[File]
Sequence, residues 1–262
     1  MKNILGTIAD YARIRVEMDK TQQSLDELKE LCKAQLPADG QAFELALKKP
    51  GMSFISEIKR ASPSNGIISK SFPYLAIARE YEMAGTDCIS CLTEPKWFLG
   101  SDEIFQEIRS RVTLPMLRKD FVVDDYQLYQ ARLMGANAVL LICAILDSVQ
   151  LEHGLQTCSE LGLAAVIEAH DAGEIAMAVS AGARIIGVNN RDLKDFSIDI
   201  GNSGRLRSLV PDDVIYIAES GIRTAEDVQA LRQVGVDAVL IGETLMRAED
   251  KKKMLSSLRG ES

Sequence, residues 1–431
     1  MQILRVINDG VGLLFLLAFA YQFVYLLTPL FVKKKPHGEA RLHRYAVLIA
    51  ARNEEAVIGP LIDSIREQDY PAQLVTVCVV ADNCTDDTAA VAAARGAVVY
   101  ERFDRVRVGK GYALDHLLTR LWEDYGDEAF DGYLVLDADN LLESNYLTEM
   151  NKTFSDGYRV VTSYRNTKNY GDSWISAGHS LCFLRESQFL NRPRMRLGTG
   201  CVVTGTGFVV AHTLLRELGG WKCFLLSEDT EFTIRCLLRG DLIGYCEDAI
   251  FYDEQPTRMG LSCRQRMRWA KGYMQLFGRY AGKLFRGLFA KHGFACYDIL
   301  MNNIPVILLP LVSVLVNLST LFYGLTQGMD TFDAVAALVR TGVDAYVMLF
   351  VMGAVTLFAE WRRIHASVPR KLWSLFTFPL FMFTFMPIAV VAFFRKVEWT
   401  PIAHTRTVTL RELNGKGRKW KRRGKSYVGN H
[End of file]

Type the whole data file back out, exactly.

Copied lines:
Sequence, residues 1–262
     1  MKNILGTIAD YARIRVEMDK TQQSLDELKE LCKAQLPADG QAFELALKKP
    51  GMSFISEIKR ASPSNGIISK SFPYLAIARE YEMAGTDCIS CLTEPKWFLG
   101  SDEIFQEIRS RVTLPMLRKD FVVDDYQLYQ ARLMGANAVL LICAILDSVQ
   151  LEHGLQTCSE LGLAAVIEAH DAGEIAMAVS AGARIIGVNN RDLKDFSIDI
   201  GNSGRLRSLV PDDVIYIAES GIRTAEDVQA LRQVGVDAVL IGETLMRAED
   251  KKKMLSSLRG ES

Sequence, residues 1–431
     1  MQILRVINDG VGLLFLLAFA YQFVYLLTPL FVKKKPHGEA RLHRYAVLIA
    51  ARNEEAVIGP LIDSIREQDY PAQLVTVCVV ADNCTDDTAA VAAARGAVVY
   101  ERFDRVRVGK GYALDHLLTR LWEDYGDEAF DGYLVLDADN LLESNYLTEM
   151  NKTFSDGYRV VTSYRNTKNY GDSWISAGHS LCFLRESQFL NRPRMRLGTG
   201  CVVTGTGFVV AHTLLRELGG WKCFLLSEDT EFTIRCLLRG DLIGYCEDAI
   251  FYDEQPTRMG LSCRQRMRWA KGYMQLFGRY AGKLFRGLFA KHGFACYDIL
   301  MNNIPVILLP LVSVLVNLST LFYGLTQGMD TFDAVAALVR TGVDAYVMLF
   351  VMGAVTLFAE WRRIHASVPR KLWSLFTFPL FMFTFMPIAV VAFFRKVEWT
   401  PIAHTRTVTL RELNGKGRKW KRRGKSYVGN H